):I beg to move,
That the Committee has considered the Value Added Tax (Buildings and Land) Order 2002 (S.I. 2002, No. 1102).
It is a pleasure to serve under your chairmanship, Mr. Pike. I hope neither to try your patience nor to detain you for long.
This a modest but nevertheless important measure designed to ensure that the rules that sometimes prevent charities from using their buildings in the most flexible and effective way are ameliorated to enable them to make best use of their resources without unfair penalties. The order is part of a wide package that we have announced, which has been warmly welcomed by charities.
The current rules let a charity purchase a building VAT-free if it is to be used solely for non-business activities. If the charity were an ordinary business, it would normally have to pay VAT on a building to avoid any distortion of competition. As the rules currently stand, if a charity puts a VAT-free building to a business use within 10 years of its acquisition, it is required to account for VAT on the original value of the building. That is sound enough in principle, but in practice it can have an arbitrary and unfair consequence. It does not, for instance, take into account to what extent, or for how long, a building has been used for non-business activities. VAT is due on the whole of the original value regardless of whether a building has been used for non-business purposes for one month or for eight years. That cannot be fair.
To make the rules fairer, the order will reduce the amount of VAT payable in line with the number of complete years for which a building has been used by a charity for non-business activities. If, for example, a charity had used a building for non-business activities for eight complete years, it would have to pay VAT on only 20 per cent. of the original value of the building, rather than on the full value. We have used a simple sliding scale, at the request of charities themselves.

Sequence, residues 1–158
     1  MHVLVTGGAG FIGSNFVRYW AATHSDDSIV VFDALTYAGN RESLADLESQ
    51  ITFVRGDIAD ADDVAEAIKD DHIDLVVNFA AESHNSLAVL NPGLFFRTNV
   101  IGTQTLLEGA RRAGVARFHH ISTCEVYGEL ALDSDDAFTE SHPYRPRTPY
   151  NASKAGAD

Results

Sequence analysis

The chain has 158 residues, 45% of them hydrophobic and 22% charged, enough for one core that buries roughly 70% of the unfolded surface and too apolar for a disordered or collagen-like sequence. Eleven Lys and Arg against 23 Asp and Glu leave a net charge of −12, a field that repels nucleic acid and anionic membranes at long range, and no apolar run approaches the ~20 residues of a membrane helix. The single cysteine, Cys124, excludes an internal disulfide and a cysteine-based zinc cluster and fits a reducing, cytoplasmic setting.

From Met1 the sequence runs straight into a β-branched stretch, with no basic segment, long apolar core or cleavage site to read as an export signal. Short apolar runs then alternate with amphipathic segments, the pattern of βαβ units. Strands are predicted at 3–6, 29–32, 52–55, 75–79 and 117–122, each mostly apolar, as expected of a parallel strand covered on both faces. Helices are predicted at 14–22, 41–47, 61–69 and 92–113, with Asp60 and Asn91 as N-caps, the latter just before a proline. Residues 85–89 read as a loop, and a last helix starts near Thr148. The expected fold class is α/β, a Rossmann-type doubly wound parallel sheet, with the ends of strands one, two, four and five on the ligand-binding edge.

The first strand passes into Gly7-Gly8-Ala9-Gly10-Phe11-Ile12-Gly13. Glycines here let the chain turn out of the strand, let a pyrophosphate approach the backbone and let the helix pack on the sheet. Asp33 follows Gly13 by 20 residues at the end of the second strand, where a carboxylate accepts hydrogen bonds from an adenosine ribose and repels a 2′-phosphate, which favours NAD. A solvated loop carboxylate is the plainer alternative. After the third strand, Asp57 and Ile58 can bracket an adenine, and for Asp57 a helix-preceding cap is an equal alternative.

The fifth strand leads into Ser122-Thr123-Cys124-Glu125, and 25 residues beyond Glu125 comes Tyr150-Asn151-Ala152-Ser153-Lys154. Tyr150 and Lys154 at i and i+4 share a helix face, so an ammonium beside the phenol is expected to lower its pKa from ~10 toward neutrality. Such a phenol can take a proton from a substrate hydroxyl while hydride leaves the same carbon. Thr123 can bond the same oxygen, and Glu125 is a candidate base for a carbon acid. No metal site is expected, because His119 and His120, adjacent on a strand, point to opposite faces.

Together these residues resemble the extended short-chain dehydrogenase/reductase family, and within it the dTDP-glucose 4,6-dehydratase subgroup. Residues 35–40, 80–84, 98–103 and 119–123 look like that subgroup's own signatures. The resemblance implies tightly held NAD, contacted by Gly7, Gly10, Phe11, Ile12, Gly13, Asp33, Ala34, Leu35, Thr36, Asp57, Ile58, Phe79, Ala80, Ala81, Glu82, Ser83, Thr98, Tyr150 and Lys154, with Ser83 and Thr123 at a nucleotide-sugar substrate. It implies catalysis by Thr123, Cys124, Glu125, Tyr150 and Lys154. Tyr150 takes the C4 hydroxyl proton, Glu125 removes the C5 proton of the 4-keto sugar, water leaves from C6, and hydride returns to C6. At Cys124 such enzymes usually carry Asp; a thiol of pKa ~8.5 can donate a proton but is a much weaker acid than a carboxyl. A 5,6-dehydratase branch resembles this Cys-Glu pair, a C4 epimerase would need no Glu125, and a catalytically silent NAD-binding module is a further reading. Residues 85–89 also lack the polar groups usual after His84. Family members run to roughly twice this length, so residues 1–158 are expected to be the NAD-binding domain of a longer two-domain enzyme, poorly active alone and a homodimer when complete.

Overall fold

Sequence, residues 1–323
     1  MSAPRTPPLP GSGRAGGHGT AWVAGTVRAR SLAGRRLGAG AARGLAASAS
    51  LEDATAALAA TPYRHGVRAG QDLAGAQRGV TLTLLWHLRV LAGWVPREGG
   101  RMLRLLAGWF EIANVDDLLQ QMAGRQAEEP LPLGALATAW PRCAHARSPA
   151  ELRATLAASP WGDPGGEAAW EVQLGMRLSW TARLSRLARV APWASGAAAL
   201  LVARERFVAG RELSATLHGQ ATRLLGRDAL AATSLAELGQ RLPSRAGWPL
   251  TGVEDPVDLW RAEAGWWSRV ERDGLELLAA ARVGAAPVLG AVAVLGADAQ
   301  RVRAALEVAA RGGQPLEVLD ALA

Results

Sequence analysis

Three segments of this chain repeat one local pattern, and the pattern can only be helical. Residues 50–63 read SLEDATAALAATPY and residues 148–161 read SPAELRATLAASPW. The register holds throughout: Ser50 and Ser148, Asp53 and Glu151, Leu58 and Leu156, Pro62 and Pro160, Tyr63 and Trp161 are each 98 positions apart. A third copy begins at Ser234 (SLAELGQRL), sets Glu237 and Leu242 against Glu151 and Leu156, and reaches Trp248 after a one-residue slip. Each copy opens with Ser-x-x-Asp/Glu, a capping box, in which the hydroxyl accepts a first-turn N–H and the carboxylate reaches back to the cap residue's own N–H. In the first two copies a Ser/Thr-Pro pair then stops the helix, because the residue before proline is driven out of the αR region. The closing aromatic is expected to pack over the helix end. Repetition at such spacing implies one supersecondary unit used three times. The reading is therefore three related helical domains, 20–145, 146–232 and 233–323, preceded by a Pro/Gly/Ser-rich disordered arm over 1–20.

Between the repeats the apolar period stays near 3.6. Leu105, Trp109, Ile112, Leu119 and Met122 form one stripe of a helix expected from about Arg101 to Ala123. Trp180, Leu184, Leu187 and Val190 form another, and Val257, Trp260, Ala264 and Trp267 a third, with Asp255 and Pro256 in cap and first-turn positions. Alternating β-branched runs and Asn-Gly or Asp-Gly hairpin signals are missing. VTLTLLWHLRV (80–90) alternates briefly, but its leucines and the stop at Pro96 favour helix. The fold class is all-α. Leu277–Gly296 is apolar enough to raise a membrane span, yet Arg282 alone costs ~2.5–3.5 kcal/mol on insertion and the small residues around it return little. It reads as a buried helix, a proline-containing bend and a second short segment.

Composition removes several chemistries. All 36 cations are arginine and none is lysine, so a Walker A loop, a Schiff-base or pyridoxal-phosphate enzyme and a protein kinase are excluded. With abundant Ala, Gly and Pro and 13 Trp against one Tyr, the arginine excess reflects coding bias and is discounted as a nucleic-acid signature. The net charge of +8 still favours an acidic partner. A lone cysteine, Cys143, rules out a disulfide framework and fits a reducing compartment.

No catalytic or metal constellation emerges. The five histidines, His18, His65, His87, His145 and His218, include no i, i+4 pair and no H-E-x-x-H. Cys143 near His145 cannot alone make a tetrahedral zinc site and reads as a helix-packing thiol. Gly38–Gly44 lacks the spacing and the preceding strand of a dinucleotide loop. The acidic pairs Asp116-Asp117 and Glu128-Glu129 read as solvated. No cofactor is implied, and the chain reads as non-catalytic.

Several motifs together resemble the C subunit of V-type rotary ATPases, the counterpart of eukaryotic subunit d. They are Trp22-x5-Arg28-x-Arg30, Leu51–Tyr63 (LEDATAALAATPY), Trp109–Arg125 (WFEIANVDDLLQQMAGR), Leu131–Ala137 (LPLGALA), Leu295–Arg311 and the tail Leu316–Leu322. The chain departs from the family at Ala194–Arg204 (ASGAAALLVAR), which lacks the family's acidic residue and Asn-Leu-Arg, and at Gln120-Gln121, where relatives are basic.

The change will also have the beneficial effect of assisting owners of communal residential buildings such as care homes. Such buildings are subject to the same VAT rules, and their owners will also benefit
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from the new sliding scale if, for example, they decide to change a building from residential to non-residential use. The new rules, which will come into effect on 1 June 2002, will reduce charities' VAT bills and give them the freedom to use their buildings in more flexible and innovative ways.
The change has already been welcomed in publications such as The Tax Journal, which is essential reading for us all. Indeed, I can see Opposition Members indicating with their usual vigour that they have scoured the pages of that journal to glean what help they can. The hon. Member for Mid-Worcestershire (Mr. Luff) will not glean much comfort therebut I must not provoke him. The Tax Journalis an interesting and informative journal from which we all benefit, and it welcomes the order.
It is especially important that the order will be widely welcomed in the charity sector. I know that both Government and Opposition Members understand the significance of VAT and the issues that arise from it in relation to the charity sector, and that they will welcome this modest but important improvement.